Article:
Throwing objects is a natural part of play and an early lesson in cause and effect. We get it, you don’t want to teach your baby to start hurling heavy objects all over your home, but we aren’t talking about a perfect underhand pitch or a coordinated overhand throw. These first throws are more of a fling.
Creating safe ways to practice helps build skills that your baby is naturally excited to explore.
Somewhere between 9 and 12 months, your baby may accidentally throw an object. They’ll be shaking their hands, trying to release the ball from their grip, and will realize the ball has been flung to a distance, bouncing and rolling.
Sometime around 13 to 16 months, your toddler may start to throw a ball underhand while sitting, with their arm down at the side, palm up.
By around 18 months, your toddler will likely throw a ball forward while in a supported standing position. Supported means standing while hanging onto a table with one hand, or with you holding onto their waist or hips.
Give your toddler lots of opportunities to throw appropriate objects at appropriate times.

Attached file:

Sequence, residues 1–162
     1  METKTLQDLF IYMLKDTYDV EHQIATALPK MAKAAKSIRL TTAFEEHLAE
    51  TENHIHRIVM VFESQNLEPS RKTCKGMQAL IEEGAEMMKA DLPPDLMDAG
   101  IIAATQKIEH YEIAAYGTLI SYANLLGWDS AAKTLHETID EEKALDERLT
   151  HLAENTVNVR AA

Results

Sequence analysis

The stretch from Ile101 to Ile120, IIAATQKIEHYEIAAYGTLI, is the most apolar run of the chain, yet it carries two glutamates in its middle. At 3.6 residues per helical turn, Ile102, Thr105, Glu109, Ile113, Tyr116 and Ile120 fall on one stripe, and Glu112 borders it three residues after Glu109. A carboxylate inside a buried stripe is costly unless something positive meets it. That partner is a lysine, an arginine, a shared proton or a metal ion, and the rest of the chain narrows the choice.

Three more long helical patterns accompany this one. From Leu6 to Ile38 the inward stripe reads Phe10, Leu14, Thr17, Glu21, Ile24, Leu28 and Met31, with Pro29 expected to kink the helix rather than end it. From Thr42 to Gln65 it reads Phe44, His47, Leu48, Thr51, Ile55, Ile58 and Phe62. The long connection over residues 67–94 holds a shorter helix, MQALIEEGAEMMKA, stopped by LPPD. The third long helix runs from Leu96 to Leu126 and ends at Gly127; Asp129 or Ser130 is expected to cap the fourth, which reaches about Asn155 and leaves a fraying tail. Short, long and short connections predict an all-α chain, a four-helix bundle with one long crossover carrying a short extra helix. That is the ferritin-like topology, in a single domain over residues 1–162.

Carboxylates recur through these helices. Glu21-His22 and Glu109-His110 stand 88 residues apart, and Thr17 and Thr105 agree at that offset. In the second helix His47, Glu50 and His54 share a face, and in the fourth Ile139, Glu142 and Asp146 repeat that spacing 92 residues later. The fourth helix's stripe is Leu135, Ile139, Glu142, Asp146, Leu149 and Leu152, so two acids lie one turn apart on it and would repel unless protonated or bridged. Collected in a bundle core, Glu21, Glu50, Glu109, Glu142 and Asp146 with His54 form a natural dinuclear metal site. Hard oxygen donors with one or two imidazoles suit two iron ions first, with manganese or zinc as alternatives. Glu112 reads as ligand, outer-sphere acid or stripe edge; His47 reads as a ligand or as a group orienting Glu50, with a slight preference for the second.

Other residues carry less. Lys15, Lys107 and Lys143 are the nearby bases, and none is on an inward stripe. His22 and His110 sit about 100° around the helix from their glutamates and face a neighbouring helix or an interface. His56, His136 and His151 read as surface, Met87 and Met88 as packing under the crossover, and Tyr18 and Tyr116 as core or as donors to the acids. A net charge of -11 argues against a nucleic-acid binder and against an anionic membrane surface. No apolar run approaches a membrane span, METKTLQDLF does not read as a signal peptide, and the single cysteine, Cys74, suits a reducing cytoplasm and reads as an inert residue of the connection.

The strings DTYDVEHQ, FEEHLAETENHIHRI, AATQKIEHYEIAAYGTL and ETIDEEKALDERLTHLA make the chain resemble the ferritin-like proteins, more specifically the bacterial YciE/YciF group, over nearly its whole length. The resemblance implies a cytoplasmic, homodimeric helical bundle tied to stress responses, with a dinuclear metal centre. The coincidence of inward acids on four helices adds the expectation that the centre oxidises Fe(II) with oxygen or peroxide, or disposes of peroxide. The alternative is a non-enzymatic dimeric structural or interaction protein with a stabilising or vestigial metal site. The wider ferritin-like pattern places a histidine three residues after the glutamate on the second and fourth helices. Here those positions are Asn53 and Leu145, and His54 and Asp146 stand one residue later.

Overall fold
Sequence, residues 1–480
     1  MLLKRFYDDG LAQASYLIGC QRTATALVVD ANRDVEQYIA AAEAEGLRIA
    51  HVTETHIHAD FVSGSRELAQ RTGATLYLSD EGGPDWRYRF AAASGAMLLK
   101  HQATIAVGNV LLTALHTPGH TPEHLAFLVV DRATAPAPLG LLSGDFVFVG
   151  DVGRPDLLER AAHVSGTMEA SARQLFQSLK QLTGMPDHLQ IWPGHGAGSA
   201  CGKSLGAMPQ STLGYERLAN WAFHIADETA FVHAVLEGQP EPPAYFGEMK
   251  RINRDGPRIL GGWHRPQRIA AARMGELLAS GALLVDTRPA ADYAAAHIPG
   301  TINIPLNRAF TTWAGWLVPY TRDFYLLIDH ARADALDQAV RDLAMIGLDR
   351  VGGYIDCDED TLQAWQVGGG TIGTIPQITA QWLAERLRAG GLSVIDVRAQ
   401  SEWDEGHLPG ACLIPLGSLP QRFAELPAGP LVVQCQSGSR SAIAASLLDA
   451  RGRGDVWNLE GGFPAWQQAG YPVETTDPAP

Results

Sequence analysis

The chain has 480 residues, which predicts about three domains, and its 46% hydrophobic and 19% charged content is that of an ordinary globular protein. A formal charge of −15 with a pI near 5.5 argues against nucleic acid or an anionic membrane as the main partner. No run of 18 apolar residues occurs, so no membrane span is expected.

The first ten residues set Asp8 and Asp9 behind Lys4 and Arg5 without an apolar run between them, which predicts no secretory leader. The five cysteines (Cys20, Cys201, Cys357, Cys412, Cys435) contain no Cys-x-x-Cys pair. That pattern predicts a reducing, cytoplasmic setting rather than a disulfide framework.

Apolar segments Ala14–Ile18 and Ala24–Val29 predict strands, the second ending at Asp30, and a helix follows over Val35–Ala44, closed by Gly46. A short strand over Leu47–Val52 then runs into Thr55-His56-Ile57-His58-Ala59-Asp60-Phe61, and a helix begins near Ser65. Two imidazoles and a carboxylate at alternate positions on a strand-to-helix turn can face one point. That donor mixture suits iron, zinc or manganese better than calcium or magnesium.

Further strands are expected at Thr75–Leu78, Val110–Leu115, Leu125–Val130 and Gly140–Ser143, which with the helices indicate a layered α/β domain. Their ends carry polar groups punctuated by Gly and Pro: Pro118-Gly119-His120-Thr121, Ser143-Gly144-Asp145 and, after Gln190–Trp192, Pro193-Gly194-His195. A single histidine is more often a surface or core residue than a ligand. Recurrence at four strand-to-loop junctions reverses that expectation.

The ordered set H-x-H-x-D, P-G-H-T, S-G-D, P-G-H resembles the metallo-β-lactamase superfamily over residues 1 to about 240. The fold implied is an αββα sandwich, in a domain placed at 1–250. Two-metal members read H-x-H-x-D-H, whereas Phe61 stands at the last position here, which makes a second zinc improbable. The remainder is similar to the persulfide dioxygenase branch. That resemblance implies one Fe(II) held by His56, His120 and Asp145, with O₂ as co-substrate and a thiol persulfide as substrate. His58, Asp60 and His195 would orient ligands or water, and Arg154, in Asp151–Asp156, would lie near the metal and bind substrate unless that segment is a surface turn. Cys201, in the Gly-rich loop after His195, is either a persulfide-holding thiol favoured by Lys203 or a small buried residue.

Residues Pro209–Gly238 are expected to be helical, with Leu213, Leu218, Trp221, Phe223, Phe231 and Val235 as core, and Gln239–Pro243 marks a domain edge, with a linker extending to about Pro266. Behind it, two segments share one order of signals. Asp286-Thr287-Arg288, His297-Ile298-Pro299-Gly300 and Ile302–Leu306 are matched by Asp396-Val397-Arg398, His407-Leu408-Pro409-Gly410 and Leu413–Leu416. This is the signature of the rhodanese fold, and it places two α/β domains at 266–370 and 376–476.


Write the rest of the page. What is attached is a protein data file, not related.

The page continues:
Here are some ideas to help support your toddler’s throwing:
Get the ball rolling
Start by rolling the large soft ball to your toddler and see if they can roll the ball back to you.
When you’re ready to practice throwing, start by showing them how you can throw one of the soft balls towards a basket. Throwing directly to your toddler can scare them 🥺
Guide their throws
First, model throwing for your toddler, and then let them try. Put your hand over theirs and guide them through the motion. Then let them release the ball on their own.
Sit to throw
They may need to sit while learning to throw, since standing and throwing require extra balance. Cheer on their efforts!
Crinkling up paper and throwing it into a box or the recycling bin is fun too, and can be done anywhere.
Control and direction
At first, they will not have control over the direction of their throw, but they will eventually learn how to throw the ball forward.
If your toddler starts to throw things at you too hard, or throwing things at the wrong time, help them understand that this kind of throwing is not safe. You might say “Do you want to practice throwing? Do you want to play catch right now? Let’s find a softer ball. Throwing things when people aren’t ready can hurt them.”